Supreme Court refuses to cater to prejudice regarding gay marriage

Gay marriage is worthy of support, but states deserve rights, too


Subverting the law for the sake of equality is ultimately a worthwhile endeavor.

Lora and Julie, the first same-sex couple to marry in Etowah County, Alabama on Monday would certainly agree.

So, too, would Olanda and Dianah, Cooper and Jessie and all the same-sex couples in Alabama who finally saw their relationships recognized and legalized after the Supreme Court declined to block a January federal court order that made states begin issuing marriage licenses to same sex couples.

Voters in Alabama approved a statewide ban on gay marriage in 2006 by a 4-to-1 margin.

But this January, U.S. District Judge Ginny Granade ruled that the law was unconstitutional after hearing an adoption case involving a same-sex couple.

As a judge in the Federal District Court, Granade initiated an intense debate over Alabama’s gay marriage law with her ruling.

The attorney general’s office in Alabama immediately expressed its opposition, with Attorney General Luther Strange turning to first a federal appeals court in Atlanta, and then bringing the legal battle to the Supreme Court.

In both cases, the state’s arguments failed to sway the federal courts.

Alabama’s desperation to maintain a prejudicial and discriminatory ban is clearly deplorable. There’s little to debate about the state’s stance against gay marriage – it’s simply wrong.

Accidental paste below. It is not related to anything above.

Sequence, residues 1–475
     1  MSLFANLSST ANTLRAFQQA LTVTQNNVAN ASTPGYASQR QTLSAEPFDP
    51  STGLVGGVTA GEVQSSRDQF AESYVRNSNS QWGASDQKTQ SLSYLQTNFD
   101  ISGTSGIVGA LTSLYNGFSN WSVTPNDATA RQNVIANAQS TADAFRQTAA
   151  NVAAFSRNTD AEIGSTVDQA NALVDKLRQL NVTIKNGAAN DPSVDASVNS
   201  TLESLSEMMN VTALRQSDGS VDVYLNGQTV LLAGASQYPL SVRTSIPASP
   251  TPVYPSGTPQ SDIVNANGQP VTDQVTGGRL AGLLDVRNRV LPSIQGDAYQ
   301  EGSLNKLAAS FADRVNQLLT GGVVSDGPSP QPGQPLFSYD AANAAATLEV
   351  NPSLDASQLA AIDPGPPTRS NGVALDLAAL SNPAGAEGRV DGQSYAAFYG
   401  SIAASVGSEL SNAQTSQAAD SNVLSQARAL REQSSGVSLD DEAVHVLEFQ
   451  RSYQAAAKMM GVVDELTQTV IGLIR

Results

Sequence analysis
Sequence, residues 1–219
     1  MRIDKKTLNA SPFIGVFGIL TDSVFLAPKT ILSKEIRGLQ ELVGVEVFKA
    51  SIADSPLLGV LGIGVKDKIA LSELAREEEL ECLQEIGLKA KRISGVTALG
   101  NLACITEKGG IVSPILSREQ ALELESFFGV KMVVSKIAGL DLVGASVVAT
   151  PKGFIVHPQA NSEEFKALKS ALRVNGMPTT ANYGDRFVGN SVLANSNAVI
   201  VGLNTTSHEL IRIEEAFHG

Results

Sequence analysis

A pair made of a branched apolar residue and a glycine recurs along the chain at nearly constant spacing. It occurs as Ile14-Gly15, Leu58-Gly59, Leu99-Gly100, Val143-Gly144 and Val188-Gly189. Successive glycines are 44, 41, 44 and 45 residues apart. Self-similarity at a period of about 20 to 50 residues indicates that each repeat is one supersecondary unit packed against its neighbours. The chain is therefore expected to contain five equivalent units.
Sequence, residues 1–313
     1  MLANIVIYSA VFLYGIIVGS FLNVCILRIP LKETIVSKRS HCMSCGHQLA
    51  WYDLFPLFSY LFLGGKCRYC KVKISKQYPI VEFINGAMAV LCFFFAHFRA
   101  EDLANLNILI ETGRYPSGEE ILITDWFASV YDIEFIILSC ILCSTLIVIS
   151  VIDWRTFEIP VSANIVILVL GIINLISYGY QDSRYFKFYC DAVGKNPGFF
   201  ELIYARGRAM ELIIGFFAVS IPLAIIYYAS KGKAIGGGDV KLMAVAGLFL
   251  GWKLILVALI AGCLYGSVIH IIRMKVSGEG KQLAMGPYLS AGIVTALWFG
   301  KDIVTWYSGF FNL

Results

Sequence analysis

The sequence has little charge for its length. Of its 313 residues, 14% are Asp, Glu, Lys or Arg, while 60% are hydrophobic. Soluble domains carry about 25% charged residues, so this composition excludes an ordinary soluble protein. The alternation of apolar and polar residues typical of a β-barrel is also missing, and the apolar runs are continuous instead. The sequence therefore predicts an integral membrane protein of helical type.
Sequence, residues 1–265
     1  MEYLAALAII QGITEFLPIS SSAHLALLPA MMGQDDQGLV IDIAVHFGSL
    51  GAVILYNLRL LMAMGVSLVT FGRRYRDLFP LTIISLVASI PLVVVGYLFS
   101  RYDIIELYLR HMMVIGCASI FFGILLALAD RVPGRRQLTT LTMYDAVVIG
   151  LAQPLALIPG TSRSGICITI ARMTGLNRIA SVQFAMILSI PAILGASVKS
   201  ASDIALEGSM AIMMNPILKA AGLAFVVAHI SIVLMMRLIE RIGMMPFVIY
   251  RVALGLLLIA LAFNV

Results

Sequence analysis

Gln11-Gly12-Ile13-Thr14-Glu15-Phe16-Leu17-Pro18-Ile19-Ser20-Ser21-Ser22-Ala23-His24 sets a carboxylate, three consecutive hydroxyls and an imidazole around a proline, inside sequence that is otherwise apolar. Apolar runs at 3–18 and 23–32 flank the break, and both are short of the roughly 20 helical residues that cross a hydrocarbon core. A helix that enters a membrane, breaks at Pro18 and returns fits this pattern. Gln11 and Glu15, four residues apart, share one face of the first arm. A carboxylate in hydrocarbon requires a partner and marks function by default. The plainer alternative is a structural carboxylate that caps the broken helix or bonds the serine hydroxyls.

But the dilemma about the legal rights of states versus the federal courts’ is murkier.

It’s satisfying to hear that the Supreme Court struck down a state’s request, but only because doing so supported the cause of gay marriage and allowed for an expansion of freedoms.

Looking past the context, the legal actions that brought same sex marriage to Alabama are questionable.

It was a judge for the Federal District Court – not the state – who first declared the ban to be unconstitutional. And it was a federal appeals court, and the Supreme Court that proceeded to quash a state’s request to maintain its laws.

If a federal judge can strike down state law and have that supported in the nation’s highest court, then states’ rights are endangered.

Clearly, the majority of the population in Alabama supports a ban on gay marriage. As unpleasant as that is, the state has the right to represent and support the voters’ opinions with laws that back them up.

Most of the nation, at this point, does support gay marriage. So at a national level, Alabama is an outlier, but they have the right to differ from the rest of the nation – until a federal ruling on gay marriage is announced.

At the same time, it’s an embarrassment to live in a country where some states still deny equal rights on the basis of sexual orientation.

And the judges in Alabama who are refusing to issue marriage licenses of any kind just to avoid marrying gay couples aren’t doing much to generate sympathy for the state’s plight.

After all, there’s something pleasantly ironic about a state, in its quest to deny same-sex couples their rights, losing its legal rights and influence along the way.